Understorm , however, is quite different than the other two. In this mode, players need to collect as many pairs of “Skimpy Undies” as possible as they rain down from above. Additionally, you can mug other players for their lingerie they collected thus far. Overall, I had a lot of fun playing these modes with friends, as well as the AI oppenents. The concept of each mode may not be too original but it does bring a lot of action-packed fun into the table.
Gameplay-wise the game shares similarities to the Musou genre, which consists of beating multiple enemies on the field and leveling up your character while doing it. Granted, Shinovi Versus is NOT a Musou game and in fact has its own identity. You’ll have two attack buttons, normal and strong attacks, which can be used to execute powerful combos as you level up. You can also block and parry attacks when blocking timely. While there might be a feeling of repetitiveness, the game does a really good job at making you feel like a badass, especially with a powerful and completely leveled up character (especially if they are wielding a cool weapon).
Just like many beat-em-up games, this title has a lock-on feature you can use to connect all your attacks, although it does has its downsides. Locking on really limits your camera control and leaves you open to easily get hit by an enemy you weren’t expecting. If you’re playing with the PlayStation TV, you’re in a bigger disadvantage as locking in on a specific opponent is more annoying.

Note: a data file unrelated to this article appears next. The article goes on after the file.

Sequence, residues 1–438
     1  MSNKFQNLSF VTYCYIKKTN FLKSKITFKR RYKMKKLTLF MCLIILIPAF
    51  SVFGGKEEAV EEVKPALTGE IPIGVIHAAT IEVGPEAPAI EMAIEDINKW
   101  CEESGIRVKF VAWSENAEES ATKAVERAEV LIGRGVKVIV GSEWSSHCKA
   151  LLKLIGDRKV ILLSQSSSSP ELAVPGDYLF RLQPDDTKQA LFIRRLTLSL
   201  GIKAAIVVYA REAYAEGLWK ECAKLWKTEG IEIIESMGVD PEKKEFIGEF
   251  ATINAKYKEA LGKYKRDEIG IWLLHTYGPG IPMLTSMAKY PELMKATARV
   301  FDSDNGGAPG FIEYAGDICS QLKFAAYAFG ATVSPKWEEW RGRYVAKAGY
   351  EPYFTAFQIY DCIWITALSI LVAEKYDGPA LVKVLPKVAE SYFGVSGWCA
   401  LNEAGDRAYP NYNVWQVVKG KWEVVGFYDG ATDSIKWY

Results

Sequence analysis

Sadly, the game suffers from awful camera angles sometimes. There’s a few instances when multiple enemies will gang up on you in addition to the main boss you’re fighting on the level. The camera will switch to a strange first-person like view, putting your own character out of view and leaving you vulnerable. Occasionally, the camera will switch to other awkward angles as well. Luckily, this doesn’t happen too much so it won’t disturb you from enjoying the game most of the time.
For a PS Vita game it really looks good, especially with its anime-styled graphics. However, one of my gripes is that the game sadly suffers from some frame drops every now and then, especially when there’s a horde of enemies on screen. Additionally, there’s parts where there might not be too many enemies around or you’re simply walking around school but there are still moments of needless slow down, but it’s barely noticeable. Fortunately, even with the frame drops (which shouldn’t happen, anyway) it doesn’t disturb you from having a good time with this game.
Players will be able to use two transformations, a Shinobi Transformation and a Frantic Transformation, both coming with its benefits. During Shinobi Transformation, you can perform continuous attacks by pressing the various action buttons repeatedly. In addition, both your attack and defense will be increased. In Frantic Mode, you can execute Weak Attacks and chain them together infinitely. In addition, you will also receive a huge boost to your attack power but your defense drops drastically. You will also be able to perform two Secret Ninja Techniques, which deals a lot of damage to the opponent.